Small plastic debris changes water movement and heat transfer through beach sediments

Henry S Carson, Steven L Colbert, Matthew J Kaylor, Karla J McDermid
Marine Pollution Bulletin 2011, 62 (8): 1708-13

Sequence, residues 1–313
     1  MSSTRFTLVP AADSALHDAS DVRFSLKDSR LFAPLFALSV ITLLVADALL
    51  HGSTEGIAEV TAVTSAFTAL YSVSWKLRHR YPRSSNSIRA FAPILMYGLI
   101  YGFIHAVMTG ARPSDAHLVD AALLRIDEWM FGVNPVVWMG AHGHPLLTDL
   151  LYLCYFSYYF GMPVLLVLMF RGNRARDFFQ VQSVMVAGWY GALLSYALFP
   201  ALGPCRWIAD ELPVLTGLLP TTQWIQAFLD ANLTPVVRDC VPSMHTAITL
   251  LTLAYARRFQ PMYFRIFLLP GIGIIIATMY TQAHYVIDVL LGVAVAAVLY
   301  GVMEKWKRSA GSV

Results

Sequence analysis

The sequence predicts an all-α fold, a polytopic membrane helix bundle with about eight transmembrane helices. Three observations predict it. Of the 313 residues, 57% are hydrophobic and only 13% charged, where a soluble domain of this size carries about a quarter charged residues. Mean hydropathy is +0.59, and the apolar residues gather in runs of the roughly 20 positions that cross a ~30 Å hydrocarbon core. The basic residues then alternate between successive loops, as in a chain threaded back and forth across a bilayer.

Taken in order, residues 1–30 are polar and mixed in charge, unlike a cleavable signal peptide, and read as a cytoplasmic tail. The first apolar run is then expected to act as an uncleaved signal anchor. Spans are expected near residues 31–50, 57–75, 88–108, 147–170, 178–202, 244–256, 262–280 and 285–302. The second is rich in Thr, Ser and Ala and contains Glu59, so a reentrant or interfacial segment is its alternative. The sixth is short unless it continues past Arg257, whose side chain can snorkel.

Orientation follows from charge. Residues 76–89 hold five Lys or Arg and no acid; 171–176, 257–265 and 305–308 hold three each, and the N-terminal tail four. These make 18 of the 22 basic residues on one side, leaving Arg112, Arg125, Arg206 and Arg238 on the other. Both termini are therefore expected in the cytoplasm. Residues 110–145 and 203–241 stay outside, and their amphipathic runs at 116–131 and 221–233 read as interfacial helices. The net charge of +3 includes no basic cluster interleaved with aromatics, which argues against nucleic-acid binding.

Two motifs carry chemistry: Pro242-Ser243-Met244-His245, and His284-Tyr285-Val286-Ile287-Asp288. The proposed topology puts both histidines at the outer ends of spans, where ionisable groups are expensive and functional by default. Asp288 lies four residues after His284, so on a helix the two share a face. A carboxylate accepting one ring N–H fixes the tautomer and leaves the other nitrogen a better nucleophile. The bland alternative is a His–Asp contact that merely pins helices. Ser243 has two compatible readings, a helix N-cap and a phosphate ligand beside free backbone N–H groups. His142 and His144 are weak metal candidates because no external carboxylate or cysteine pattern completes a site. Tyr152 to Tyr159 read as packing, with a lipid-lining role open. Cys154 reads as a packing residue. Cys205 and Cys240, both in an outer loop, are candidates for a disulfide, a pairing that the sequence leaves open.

We investigated the physical properties of beaches contaminated with plastic fragments. We compared sediment cores from Hawai'i Island's Kamilo Beach, notable for plastic accumulation, to cores from a nearby beach. Compared to the nearby beach, Kamilo sediments contained more plastics (up to 30.2% by weight), were coarser-grained, and were more permeable (t-test, p<0.0001). 85% of the fragments were polyethylene, and 95% were concentrated in the top 15 cm of the cores. We constructed artificial cores of standardized grain size and varying plastic-to-sediment ratios. Adding plastic significantly increased the permeability (ANOVA, p=0.002), which was partially attributed to the fragments increasing the mean grain size. Sediments with plastic warmed more slowly (16% maximum decrease in thermal diffusivity), and reached lower maximum temperatures (21% maximum increase in heat capacity). These changes have a variety of potential effects on beach organisms, including those with temperature-dependent sex-determination such as sea turtle eggs.

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